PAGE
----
Password Security Advice – Paranoia has become the New Normal…

Blog / Password Security Advice – Paranoia has become the New Normal…

I remember when I seriously started getting into computers, which was a long time ago, last century to be exact. Passwords had a maximum of around 8 characters, because memory was limited and expensive. Security Advice was limited to making them a random string of characters and maybe installing antivirus software, but it wasn’t a big deal.

These days if you have a password less than ten characters-long, it is basically worthless, regardless of how complicated it is. Installing an antivirus software is expected. These are normal now, where before they were just “recommendations that were good to follow, but not necessary.” Is it that Paranoia has become the new normal, or were we simply oblivious before?

As the Jester said in William Shakespeare’s “King Lear” (Act III, Scene VI): “He’s mad that trusts in the tameness of a wolf, a horse’s health, a boy’s love, or a whore’s oath.”

When it comes to passwords, a bit of awareness (some could call it Paranoia) is the only thing that can really protect you. So, in the spirit of the upcoming festive season, I figured I would offer up some advice for having good passwords.

 

First of all, have an official Password Policy:

Obviously, this will only apply to organizations, but every outfit should have an official Password Policy that gets explained to everyone during an onboarding process. You can’t expect your employees to have good password hygiene, especially if you don’t require it of them. Having a Password Policy acts as a good reminder that having poor password hygiene is something the organization can instantly act on.

 

Okay, how ’bout some actual ‘password stuff’?

1) Make your passwords long – Anything shorter than 10 characters is pretty much useless, when it comes to being cracked by modern techniques. Having a long password may seem a bit scary, but it’s actually pretty easy.

2) Use a mix of character sets – Various types of characters are different, when it comes to the internals of a computer. This has a direct impact when it comes to how difficult your password is to crack. Make sure to use a mix of everything in every password. There are:

Upper case characters (a-z) / Lower-case character (A-Z) / Numbers (0-9) / Special characters and punctuation (!, =, %, etc.)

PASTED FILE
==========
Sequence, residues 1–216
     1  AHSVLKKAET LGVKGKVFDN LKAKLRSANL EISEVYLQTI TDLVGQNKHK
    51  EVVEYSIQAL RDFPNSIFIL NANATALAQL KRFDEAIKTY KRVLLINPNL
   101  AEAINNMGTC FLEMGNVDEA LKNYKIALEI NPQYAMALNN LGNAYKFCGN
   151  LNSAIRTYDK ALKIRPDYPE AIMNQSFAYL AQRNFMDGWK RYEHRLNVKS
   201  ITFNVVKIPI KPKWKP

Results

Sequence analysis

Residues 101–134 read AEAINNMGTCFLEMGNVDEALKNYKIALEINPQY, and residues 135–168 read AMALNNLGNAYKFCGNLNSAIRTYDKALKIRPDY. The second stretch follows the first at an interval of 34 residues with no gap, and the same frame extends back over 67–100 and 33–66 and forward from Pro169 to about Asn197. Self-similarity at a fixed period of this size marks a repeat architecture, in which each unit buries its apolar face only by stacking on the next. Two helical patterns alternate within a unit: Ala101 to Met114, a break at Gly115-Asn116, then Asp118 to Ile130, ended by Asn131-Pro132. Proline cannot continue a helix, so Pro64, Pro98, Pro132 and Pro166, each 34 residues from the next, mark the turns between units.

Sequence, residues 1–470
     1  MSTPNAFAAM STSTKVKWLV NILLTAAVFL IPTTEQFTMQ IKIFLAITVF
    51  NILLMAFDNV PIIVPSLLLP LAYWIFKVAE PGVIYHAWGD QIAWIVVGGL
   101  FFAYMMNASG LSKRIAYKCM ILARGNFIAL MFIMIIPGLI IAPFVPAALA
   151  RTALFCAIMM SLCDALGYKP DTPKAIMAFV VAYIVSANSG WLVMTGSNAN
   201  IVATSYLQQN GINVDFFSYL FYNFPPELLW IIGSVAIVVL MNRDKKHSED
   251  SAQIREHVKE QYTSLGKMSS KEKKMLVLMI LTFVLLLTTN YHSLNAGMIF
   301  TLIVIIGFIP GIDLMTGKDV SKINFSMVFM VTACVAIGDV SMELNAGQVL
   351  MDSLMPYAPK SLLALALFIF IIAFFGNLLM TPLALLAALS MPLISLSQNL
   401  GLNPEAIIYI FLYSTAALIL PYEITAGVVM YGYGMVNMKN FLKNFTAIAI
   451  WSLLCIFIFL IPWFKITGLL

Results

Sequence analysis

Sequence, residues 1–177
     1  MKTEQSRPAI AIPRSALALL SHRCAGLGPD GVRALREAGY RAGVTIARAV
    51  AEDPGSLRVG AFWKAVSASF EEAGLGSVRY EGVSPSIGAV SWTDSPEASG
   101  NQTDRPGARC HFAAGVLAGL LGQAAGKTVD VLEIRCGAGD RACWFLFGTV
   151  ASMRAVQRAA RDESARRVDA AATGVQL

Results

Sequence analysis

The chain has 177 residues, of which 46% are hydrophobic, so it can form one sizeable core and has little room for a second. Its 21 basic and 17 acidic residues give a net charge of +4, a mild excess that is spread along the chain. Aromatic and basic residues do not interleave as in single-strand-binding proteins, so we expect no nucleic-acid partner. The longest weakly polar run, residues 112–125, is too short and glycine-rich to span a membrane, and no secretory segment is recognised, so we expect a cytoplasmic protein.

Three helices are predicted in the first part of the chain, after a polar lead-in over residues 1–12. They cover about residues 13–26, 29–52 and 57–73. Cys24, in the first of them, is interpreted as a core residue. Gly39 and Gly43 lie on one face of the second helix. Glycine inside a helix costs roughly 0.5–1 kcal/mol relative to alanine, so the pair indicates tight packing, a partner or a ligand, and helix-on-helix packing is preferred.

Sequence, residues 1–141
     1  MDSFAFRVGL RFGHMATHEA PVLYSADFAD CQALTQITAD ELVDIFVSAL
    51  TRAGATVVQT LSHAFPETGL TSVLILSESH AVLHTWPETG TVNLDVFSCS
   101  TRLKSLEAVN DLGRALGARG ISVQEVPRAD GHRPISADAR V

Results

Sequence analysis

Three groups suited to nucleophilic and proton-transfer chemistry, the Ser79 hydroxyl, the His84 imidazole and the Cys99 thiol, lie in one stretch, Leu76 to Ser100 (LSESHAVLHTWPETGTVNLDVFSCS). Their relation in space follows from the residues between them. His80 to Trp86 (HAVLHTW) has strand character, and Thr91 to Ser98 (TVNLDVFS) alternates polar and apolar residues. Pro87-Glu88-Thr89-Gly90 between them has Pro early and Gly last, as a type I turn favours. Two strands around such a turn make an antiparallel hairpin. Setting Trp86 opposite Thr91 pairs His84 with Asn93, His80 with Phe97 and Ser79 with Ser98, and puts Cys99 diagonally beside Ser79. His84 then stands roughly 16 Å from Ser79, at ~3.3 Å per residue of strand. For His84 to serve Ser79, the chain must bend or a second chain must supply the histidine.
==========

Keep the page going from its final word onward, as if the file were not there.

3) Making your passwordleetdoesn’t give you extra Security – “Leet” speech is simply when you begin to substitute a character for something else that looks visually similar. Like for example switching a 1 for a lower-case L, or an @ for an A. Using a pattern like this is obvious and exactly the sort of thing that every attacker knows about, so they know how to deal with it.

4) Put together a memorable phrase – If you string a few words together or use a sentence, then hitting that recommended 10-character limit is easy. Randomly throw in a splash of mixed case and a few numbers and you’re there. “H!aving a rEAlly long Pass7word” is a really good passphrase; it is easy to remember, and includes all 4 character sets.

5) Try not to have too much of yourself in the password – Using things like your house number, parts of your phone number, names of children, or pets as part of your password, are all bad ideas. They’re easy to remember, but also simple for an attacker to discover. If you are looking for something memorable, then try things that cannot be directly or easily traced to you.

6) Use 2FA (Two-Factor Authentication) as often as possible – 2FA is when in addition to your password, you have an extra form of Authentication. The logic is that a password is ‘something you know’ and the additional Authentication is ‘something you have’. This could be a fingerprint, or passkey, or anything really. There are a lot of ways to set-up 2FA to work alongside your normal passwords. This is especially important when it comes to external access.

 

Ever since devices were first designed to keep people out of places, the art of getting past those devices has been in existence. Lockpicking is a good example. If you look around on YouTube, you will find many videos and channels dedicated to picking locks. The industry knows this and (for the most part) tries to keep improving in a never-ending arms race. Passwords are no different. As the tools to crack passwords get more powerful (computers), the bar for a decent password gets ever higher.

Don’t do as you’ve always done, just because it’s worked so far. That’s what the bad guys want. Be aware of the situation and adjust your habits as needed. Never leave your Security in someone else’s hands, if you don’t need to.

 

If you have any questions about Good Password Hygiene, please reach out to your TRINUS Account Manager for some stress-free IT.

By Kind Courtesy of Your Friendly Neighbourhood Cyber-Man.

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